January 12, 2022
Hi everyone. My name is Ali (she/her). I am a family nurse practitioner student, primarily working with Dr. Beda until April of this year. I work as a registered nurse at an OB GYN clinic and I am currently in my second year of the Master of Science in Nursing – Family Nurse Practitioner program and Duke University. I am passionate about providing care that is patient specific and encompasses the health of the whole person (mental, physical, spiritual health, and environment). When I am not working I love to spend time in nature trail running, mountain biking, and skiing. One of my favorite ways to spend time is gardening in my backyard and tending to my house plants. I am looking forward to meeting you over the next few months!
COVID testing updates
- We continue to offer PCR testing, via posterior nasopharyngeal swab (aka the brain biopsy swab).
- We use posterior nasopharyngeal swabbing for PCR testing because it continues to show superiority to nasal swabbing in regards to having fewer false negatives. We understand that it is really uncomfortable (we’ve all been through it many times ourselves) but the risk of missing a positive case is too high otherwise.
- They are sent out to LabCorp in a batch at the end of every clinic day, where the current turn-around time is 48-72 hours. Not ideal.
- We only do testing outside on our back ramp, to minimize risk of virus being shed inside our clinic.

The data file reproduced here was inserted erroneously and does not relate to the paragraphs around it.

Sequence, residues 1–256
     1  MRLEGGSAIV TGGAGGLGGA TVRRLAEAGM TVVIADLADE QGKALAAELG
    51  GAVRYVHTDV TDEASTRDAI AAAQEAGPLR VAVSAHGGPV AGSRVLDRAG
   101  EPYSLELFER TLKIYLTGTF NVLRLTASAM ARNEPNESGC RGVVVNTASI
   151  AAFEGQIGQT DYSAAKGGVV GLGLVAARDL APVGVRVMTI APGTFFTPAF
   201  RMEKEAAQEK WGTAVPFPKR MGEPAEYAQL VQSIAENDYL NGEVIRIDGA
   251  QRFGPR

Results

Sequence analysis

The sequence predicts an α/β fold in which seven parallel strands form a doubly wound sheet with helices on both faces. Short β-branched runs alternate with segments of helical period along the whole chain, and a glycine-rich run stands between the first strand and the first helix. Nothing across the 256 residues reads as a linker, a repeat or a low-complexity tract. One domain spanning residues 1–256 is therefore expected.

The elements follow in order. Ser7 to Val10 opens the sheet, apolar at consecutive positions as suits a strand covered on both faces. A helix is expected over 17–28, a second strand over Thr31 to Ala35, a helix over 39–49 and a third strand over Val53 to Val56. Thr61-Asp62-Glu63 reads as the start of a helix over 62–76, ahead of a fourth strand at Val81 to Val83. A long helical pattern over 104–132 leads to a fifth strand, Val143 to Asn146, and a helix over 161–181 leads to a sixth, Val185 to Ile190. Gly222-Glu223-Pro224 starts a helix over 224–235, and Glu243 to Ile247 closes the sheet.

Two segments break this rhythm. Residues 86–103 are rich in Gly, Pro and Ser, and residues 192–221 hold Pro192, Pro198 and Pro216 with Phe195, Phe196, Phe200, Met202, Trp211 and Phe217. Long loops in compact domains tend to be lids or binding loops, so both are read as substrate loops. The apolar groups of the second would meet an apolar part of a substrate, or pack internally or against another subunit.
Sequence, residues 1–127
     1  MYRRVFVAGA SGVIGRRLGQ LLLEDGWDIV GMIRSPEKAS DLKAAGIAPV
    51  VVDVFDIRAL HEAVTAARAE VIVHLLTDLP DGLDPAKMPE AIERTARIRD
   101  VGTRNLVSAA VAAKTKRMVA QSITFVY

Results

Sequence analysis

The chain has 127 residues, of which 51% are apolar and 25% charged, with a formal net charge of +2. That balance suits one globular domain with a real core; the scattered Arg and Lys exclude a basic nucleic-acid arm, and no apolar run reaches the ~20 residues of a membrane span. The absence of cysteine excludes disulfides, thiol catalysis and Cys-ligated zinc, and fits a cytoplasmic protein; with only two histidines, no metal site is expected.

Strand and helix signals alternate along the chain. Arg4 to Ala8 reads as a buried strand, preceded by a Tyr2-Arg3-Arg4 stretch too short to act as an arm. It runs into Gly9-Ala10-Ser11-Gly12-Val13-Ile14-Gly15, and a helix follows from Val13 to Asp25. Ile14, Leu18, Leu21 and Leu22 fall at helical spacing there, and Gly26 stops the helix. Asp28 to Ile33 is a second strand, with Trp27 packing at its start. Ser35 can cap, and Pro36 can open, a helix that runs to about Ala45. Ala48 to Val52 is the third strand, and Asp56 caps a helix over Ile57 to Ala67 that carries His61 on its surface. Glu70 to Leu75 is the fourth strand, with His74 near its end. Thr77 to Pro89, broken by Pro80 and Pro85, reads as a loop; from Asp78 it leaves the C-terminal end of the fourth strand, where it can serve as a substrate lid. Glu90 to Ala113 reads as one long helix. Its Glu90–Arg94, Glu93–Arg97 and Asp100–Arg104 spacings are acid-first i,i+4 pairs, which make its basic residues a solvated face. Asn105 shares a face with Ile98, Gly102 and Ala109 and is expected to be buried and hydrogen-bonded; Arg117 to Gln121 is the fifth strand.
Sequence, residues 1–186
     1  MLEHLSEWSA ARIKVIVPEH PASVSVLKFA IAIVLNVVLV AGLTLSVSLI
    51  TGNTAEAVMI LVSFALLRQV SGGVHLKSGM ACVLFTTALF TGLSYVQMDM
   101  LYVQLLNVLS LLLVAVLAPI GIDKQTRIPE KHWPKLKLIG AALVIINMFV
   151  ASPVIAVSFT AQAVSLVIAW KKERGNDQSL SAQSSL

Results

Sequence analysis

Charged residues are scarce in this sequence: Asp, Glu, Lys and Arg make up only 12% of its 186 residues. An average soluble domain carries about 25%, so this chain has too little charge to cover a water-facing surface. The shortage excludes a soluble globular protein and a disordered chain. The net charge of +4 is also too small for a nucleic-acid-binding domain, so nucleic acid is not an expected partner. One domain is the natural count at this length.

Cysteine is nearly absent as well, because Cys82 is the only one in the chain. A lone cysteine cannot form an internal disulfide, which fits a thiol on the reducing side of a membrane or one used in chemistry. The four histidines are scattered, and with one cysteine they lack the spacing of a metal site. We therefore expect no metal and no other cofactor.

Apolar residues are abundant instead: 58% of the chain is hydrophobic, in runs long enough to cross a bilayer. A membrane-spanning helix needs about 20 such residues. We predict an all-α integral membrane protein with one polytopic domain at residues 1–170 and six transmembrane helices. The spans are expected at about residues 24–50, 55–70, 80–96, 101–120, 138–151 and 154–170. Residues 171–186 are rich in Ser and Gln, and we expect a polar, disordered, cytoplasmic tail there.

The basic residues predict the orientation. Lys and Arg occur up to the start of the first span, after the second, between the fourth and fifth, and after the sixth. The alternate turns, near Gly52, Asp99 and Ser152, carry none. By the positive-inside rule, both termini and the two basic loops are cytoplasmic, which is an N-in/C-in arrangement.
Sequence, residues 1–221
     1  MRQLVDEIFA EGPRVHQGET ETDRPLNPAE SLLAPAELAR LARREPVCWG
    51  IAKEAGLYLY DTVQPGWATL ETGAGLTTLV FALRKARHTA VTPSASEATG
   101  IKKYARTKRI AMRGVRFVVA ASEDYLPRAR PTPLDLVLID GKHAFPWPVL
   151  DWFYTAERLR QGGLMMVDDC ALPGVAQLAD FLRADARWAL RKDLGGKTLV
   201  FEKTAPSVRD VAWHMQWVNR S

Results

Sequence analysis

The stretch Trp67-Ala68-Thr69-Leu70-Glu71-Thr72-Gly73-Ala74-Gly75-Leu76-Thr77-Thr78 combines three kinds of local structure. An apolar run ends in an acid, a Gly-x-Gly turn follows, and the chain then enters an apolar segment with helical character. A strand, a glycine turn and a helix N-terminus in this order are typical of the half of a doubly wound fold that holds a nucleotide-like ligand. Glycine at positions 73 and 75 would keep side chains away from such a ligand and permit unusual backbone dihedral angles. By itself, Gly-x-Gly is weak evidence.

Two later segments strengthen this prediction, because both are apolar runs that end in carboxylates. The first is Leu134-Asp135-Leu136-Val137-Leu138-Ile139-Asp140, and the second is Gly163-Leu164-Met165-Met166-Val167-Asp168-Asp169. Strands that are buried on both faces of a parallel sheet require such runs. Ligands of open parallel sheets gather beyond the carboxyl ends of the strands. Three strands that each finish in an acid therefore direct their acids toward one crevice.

Rapid Antigen tests:
- We currently do not have any, but we have them on order. They are back-ordered for us like they are for everyone else.
- When (and IF) they arrive, we will have a limited supply and they are not the portable, self-contained kind, so we will not be able to provide you with kits to take home, and we will be using clinical judgment for who to prioritize for rapid testing at the clinic.
- We are hopeful that you also will be able to find rapid tests again at drugstores and online retailers again very soon.
Re-testing after a case of COVID:
- Not routinely recommended.
- PCR tests can remain positive for weeks after a case of COVID, due to persistent shedding of virus material, but that does NOT correlate with being infectious. Thus, you are likely to continue to have positive PCR tests for weeks after you are no longer contagious.
- Rapid antigen tests may be more useful in this scenario, if you can find one. Again, following the CDC’s guidelines does not include re-testing until negative.
- Blood tests for antibodies are not helpful, since a) they do not distinguish between vaccine-generated antibodies and disease-generated antibodies, and b) the lack of antibodies does not necessarily mean a lack of protection.